Courtsey of Mike Rhodes

Mike Rhodes has covered homelessness in Fresno for over a decade. He’s witnessed police taunt  homeless people, he’s called out government officials for their perspectives on those underserved and most recently he wrote a book combining those experiences.

Rhodes is a community activist and former editor of the Community Alliance newspaper. He joined Valley Edition Tuesday April 5 to talk about his book “Dispatches from the War Zone.” To listen to the interview click play above. 

Jeffrey Hess/KVPR

Thursday is the final day of annual count of the 2016 homeless people in Fresno. City leaders have extolled the progress in reducing the number homeless people while at the same time defending its method of counting the homeless population.

Last year’s count showed a dramatic decline in Fresno’s homeless population.

Advocates criticized the report because it followed the city breaking up homeless encampments and therefore they claim it did not count a sizable portion of the population.

Fresno leaders say the homeless population in Fresno and Madera Counties has declined by 53-percent since 2013.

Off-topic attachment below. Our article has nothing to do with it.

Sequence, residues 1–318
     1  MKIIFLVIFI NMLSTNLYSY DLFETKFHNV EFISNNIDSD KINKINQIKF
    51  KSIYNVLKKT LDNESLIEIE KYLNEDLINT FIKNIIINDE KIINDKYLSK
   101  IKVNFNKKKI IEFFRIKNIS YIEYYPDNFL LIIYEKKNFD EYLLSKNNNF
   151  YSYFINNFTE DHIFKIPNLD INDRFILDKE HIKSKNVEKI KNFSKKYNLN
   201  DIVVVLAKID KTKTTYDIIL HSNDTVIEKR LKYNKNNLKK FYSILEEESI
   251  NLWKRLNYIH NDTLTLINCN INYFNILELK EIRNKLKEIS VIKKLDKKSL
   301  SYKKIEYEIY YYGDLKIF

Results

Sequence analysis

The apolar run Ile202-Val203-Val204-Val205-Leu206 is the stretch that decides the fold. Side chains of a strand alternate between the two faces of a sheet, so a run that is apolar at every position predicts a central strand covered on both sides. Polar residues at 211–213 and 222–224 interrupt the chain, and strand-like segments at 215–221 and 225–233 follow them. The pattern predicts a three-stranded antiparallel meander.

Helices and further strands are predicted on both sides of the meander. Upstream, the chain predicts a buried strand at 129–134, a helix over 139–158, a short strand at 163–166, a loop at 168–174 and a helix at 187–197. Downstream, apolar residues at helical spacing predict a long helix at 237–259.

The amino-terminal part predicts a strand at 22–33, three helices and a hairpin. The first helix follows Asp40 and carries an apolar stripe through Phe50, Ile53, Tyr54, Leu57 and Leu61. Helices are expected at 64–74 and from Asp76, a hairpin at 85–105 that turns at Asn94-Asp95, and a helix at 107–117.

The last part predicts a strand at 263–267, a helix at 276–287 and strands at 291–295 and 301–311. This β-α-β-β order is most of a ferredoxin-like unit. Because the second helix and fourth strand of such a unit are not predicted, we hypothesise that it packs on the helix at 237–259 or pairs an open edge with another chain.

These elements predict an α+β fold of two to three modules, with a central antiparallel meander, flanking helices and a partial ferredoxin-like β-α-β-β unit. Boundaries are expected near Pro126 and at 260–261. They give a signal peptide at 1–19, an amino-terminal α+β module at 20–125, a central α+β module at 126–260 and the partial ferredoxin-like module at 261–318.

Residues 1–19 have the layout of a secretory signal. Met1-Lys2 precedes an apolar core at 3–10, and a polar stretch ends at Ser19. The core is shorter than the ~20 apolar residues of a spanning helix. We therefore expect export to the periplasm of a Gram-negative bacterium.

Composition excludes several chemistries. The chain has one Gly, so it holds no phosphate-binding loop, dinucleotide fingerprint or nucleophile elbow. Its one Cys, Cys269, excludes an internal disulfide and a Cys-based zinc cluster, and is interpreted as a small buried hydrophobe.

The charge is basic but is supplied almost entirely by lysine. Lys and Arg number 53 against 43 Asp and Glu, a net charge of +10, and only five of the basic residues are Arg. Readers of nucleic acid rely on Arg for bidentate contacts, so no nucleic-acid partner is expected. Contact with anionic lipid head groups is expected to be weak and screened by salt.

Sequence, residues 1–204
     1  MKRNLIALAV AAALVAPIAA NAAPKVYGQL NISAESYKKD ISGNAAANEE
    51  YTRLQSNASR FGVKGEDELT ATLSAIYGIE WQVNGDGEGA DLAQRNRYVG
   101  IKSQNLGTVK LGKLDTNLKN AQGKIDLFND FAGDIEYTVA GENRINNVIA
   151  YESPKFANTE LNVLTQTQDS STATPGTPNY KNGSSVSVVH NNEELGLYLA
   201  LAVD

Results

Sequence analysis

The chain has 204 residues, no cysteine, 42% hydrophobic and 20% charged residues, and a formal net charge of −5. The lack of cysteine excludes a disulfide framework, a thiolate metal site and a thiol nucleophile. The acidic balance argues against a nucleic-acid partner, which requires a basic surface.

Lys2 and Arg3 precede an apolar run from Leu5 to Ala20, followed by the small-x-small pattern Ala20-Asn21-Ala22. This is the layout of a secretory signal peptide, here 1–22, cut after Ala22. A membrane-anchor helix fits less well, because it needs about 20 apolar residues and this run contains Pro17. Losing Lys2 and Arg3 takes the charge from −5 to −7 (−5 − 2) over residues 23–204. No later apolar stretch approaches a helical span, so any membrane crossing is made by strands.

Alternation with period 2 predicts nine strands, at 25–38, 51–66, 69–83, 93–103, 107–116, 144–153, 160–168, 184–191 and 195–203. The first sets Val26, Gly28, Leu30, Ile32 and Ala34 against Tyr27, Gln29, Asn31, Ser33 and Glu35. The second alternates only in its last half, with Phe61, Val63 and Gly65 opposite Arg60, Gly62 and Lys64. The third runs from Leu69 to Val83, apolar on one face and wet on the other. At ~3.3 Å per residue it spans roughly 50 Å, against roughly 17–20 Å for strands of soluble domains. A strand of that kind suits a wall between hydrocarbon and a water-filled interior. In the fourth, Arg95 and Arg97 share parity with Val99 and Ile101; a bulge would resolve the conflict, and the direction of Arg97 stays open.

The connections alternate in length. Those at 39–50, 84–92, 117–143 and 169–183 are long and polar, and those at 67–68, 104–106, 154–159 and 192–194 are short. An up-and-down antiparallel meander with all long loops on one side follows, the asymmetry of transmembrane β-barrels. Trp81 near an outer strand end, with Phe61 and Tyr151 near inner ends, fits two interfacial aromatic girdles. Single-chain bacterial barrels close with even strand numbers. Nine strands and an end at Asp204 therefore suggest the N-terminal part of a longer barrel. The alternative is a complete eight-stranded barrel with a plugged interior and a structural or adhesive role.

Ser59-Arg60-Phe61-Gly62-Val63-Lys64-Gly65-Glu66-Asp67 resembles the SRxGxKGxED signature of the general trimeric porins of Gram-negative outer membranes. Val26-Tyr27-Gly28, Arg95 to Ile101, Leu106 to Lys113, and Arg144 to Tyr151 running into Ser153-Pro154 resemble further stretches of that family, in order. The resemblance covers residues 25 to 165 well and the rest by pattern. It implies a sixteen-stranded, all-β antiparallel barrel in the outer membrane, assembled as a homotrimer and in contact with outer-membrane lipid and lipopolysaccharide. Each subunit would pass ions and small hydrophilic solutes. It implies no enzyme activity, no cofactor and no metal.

The newest count released Monday found almost 1,200 unsheltered homeless people compared to more than 2,500 two years ago.

Preston Price with the Fresno Housing Authority says a new focus on providing housing first is driving the rate down.

“The housing first model, which has a higher success rate, says let’s get a person into housing and bring the services they need to them. And that has a higher success rate,” Price said.

Brittani Fanciullo

There's a new documentary about homelessness in Fresno. "Our Lives: Surviving the Streets of Fresno" not only tells the stories of 10 people directly affected by homelessness, it was shot by them. 

Lisa Lindsay joined Valley Edition host Joe Moore for an interview  about the documentary. She directed the film and also is a supervising librarian for the Fresno County Public Library.